Samuel Rutherford was born in 1600 and died in 1661. These were turbulent years. They witnessed the reigns of the three most despotic Stewart kings, James VI, Charles I and Charles II; the signing of the National Covenant in 1638; the English Civil War; the deliberations of the Westminster Assembly; the beheading of the King; the occupation of Scotland by Cromwell's army; and the restoration of Charles II in 1660. No other period in British history saw such upheaval.Read more about 'Samuel Rutherford'...
John Murray, with good reason, argues that obedience is the most inclusive concept available to us for describing the redeeming work of Christ (Redemption Accomplished and Applied, p.19). Other categories such as sacrifice and satisfaction cover some of the data, but obedience is by far the most comprehensive.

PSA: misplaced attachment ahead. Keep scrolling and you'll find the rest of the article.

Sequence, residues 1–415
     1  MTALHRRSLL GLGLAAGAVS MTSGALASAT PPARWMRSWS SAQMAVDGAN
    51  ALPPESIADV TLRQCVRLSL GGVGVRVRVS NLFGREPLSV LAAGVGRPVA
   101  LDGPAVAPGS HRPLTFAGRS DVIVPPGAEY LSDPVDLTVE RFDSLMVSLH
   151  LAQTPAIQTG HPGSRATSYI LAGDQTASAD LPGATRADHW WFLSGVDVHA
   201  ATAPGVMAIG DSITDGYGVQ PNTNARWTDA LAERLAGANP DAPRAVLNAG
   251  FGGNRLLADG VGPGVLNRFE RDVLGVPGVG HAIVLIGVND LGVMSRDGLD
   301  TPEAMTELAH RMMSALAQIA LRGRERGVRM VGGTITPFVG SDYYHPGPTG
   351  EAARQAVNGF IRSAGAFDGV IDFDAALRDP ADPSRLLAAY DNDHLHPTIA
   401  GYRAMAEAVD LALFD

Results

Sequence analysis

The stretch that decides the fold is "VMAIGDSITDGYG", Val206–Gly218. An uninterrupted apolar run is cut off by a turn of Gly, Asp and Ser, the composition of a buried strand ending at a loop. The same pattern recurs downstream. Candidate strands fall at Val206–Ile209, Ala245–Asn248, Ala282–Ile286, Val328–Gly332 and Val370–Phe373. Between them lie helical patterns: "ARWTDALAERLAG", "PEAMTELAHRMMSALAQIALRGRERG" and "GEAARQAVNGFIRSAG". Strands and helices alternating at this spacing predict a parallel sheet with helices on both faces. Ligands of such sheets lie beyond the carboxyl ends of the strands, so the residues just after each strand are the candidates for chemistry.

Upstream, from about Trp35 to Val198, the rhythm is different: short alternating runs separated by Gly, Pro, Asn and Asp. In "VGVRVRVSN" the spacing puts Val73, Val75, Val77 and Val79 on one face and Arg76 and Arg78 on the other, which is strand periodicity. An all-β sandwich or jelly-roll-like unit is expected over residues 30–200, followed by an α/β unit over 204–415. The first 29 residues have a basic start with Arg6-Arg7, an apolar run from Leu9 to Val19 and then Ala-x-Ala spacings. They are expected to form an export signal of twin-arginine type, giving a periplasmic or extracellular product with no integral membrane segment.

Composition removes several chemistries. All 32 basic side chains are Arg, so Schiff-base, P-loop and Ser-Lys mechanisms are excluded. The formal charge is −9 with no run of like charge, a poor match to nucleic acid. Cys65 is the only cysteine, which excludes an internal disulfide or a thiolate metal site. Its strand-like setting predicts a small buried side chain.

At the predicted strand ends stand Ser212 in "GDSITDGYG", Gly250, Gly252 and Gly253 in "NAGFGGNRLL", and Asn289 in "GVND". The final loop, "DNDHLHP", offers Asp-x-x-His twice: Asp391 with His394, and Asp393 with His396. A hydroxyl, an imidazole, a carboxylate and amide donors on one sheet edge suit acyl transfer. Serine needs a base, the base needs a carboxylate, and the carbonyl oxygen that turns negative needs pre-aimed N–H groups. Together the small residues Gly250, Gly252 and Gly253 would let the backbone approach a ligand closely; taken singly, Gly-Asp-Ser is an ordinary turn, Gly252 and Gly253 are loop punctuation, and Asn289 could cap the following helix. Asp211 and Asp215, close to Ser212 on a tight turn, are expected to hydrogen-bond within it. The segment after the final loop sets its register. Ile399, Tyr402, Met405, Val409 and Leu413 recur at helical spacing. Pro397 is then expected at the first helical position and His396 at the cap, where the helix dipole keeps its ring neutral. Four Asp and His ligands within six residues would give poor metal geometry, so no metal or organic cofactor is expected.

It is also, of course, utterly biblical. Christ came pre-eminently as the Servant, in fulfilment of Isaiah’s prophecy (especially Is. 52:13- 53:12). In accordance with this, he saw himself as one who had come not to do his own will, but the will of the Father who had sent him; and at the end of his life his claim was simply that he had finished the work given him to do (John 17:4).